After a Twitter tip (from Michael Cholbi), I read through “Teaching Ambiguity” – a piece over at Inside Higher Education. The subject of the piece is clear enough: penned by a Dean at the Savannah College of Arts and Sciences, it implores instructors to “teach ambiguity” (as opposed to simply facts and figures) as a way to impart critical thinking skills to students. As Eisinger puts it:
On the face of it, this sounds all well and good. But at the same time, it strikes me as a whole lot of meaningless Dean-speak and, frankly, insulting to the disciplines that actually do “teach ambiguity” as an essential part of what they do every day.
This request is not an arbitrary one. To the contrary, it germinates from a belief that the liberal arts and sciences, and the students who take such courses, often thrive by appreciating complex questions that do not have easy answers. Precisely because students can retrieve facts instantaneously at their finger tips, I am asking faculty to revise their syllabuses to discuss and, yes, teach, ambiguity.
Why is it Dean-speak? Because it takes the appearance of a noble sounding clarion call for meaningful changes in pedagogy — “Let’s all teach about how complicated things are! Let’s teach about the challenging of basic assumptions! Ratchet up critical thinking!” — while asking for nothing substantive in order to assure that this gets done. How many instructors out there do you think, if you asked them, would say “I don’t teach critical thinking in my courses”? Zero. So the call to “Teach ambiguity! Add it to your syllabi!” is in practice meaningless when it is stated in this milquetoast driven way. Everyone will say “I already do that”. It sounds good, though – good enough to get Higher Ed to publish it.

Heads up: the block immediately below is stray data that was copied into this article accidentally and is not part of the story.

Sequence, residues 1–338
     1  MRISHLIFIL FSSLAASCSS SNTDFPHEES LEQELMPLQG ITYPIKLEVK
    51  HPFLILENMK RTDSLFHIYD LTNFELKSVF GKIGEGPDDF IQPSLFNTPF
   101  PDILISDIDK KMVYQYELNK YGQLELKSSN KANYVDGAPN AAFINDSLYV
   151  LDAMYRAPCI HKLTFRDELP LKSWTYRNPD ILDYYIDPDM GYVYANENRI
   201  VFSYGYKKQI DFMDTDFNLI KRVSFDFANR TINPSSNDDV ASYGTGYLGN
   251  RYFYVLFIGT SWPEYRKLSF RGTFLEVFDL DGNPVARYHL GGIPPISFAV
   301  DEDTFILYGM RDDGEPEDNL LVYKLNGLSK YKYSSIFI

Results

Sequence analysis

Why is it insulting? When it comes to certain key foundational learning outcomes — critical thinking comes to mind as the most obvious — there is often the assumption (which I alluded to in the above) that everyone does that. After all, everyone teaching at the university has a PhD, and how can you get a PhD if you don’t have critical thinking skills? So, the implicit argument will go, everyone can — and does — teach it. Maybe they need to tweak what they do a bit to make it more apparent, but it’s already there.
But is it true? No. Of course, as Academically Adrift points out, the empirical data does not bear this out with respect to the different disciplines. Many disciplines simply do a poor job of “teaching ambiguity.” Now clearly I’m not saying that people in all disciplines don’t use critical thinking. Of course they do. But that doesn’t mean that (a) they can teach it well and/or (b) that it plays a prominent role in what they do in the classroom.
Some disciplines — philosophy for instance — have critical thinking as a foundation. That’s what philosophers do. They challenge assumptions and tear things apart. That doesn’t mean we’re smarter than everyone else, but it does mean that we concentrate as a discipline on the techniques of critical thinking and on the pedagogical methods through which you can effectively teach it. Essentially, saying that everyone can and should do it in their classrooms, and that this will be effective, is really just saying that everyone should teach philosophically in their classes when they are not all prepared to do so.
Let’s face it: it’s difficult to teach philosophically when you’re not trained in philosophy. Hell, it’s difficult to teach philosophically even when you are trained in philosophy. This reminds me, in a way, of the belief that any teacher can “inject ethics in the classroom”. Apparently, there’s a belief that since we’re all good people (reasonably speaking), we can all teach students ethics. I know lots of people who seem to believe that. Nice words, but it just ain’t true, at least not true on the level at which it would need to be true for it to be seen as the basis for making good educational policy decisions (where "learning ethics" is a sought out educational outcome). Some people are simply trained to do it, some are not. That's a fact.
So how about a “radical” thought here: instead of assuming that we can just legislate “ambiguity across the curriculum” into existence by asking everyone to tweak their syllabi, how about we actually make riskier speeches about the need to make the Humanities more central to what we expect students to master and then get our curricula or our hiring decisions to match those goals?